What struck me most by Verna Clow’s presentation is the great fondness that the audience of almost 100 had for Verna and her family’s country store, many of whom were customers or staff of this family business that is into its 77th year. Others were recalling the community stores that they grew up with. As much as Costco, Walmart, Sobeys and Superstore promote their level of customer service, they could not come close to the responsiveness and devotion that Clow’s store has provided its clientele over the years.
It’s clear to see why this store has survived along with the few other country stores we are lucky to find in communities. It’s an abundance of commitment. It’s long, long hours of hard work, flexibility to change with the times and a decent amount of good fortune. Of course, it helps when the next generation is keen to take over, and with that comes new and modern ideas. The generations of Clow children were raised in the store and given responsibility. They were made to feel vital to the store’s success. As much, the older generation knew when to stand back and when to offer support as the kids took the reins.
I am still smiling about the time when Bobby expanded the store, he found out he had encroached on the neighbour’s property, but as these matters are settled in the country, the Clow’s just gave their neighbour a piece of land off another boundary and instructed the lawyers to revise their deeds.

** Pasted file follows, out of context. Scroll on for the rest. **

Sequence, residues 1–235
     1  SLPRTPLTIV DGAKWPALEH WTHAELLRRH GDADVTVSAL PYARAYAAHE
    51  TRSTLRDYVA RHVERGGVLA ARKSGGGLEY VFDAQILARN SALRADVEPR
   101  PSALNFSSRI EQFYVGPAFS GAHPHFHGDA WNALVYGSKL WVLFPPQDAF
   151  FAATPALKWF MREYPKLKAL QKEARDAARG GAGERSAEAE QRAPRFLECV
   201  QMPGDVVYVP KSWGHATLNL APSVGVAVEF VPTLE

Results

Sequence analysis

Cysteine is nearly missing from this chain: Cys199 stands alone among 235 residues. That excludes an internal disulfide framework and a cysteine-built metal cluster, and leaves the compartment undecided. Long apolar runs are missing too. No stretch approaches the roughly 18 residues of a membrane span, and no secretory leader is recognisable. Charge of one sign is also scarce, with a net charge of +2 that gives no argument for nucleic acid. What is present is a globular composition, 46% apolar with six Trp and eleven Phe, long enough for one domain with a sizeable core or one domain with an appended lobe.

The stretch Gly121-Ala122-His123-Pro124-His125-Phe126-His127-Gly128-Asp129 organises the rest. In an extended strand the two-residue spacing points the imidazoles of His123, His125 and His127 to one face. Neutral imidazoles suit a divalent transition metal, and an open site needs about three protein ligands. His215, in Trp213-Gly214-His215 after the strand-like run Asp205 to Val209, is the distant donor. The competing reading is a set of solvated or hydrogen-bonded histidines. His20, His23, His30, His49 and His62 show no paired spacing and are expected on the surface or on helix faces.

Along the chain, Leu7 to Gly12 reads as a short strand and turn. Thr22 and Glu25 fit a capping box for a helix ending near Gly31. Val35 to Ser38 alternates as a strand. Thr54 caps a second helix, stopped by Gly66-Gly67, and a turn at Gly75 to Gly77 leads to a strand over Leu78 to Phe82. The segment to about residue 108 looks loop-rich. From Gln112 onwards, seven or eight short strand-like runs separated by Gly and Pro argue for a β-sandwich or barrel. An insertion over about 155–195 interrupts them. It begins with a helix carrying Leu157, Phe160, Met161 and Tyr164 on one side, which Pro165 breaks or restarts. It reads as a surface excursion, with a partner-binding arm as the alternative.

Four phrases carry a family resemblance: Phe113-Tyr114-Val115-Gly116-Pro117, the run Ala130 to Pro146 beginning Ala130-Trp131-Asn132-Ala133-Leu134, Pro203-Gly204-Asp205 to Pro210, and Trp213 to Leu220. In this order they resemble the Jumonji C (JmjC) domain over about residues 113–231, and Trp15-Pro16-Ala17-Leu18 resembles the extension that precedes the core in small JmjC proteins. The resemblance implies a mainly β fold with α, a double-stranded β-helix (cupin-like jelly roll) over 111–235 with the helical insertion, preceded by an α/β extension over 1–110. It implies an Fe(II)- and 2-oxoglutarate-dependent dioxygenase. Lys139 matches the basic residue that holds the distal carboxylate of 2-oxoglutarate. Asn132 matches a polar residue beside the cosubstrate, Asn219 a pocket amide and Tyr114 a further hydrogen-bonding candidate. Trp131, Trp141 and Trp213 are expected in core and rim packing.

It’s not difficult to tell that Bobby married well. Verna said that they were 20 and 21 years of age when they got married and started their life off together working in the store. She’s seen a lot of changes. They went from not having to worry about such things as taxes and regulations. She says it is so much more complicated now, and administration has become a huge task. She recalls Bobby’s father just pulling the receipts out of the chest pocket of his overalls at the end of the week to review the week’s sales with his wife when they were still managing the store.
Verna says she still goes in a few days a week, as habits are hard to break. But there is another reason. It is what I saw on the faces of the folks in the room. These people, their parents, their kids – they grew up with the Clow family. It’s a precious memory and bond from their youth that still exists. It’s that level of customer service that you could never learn in business school.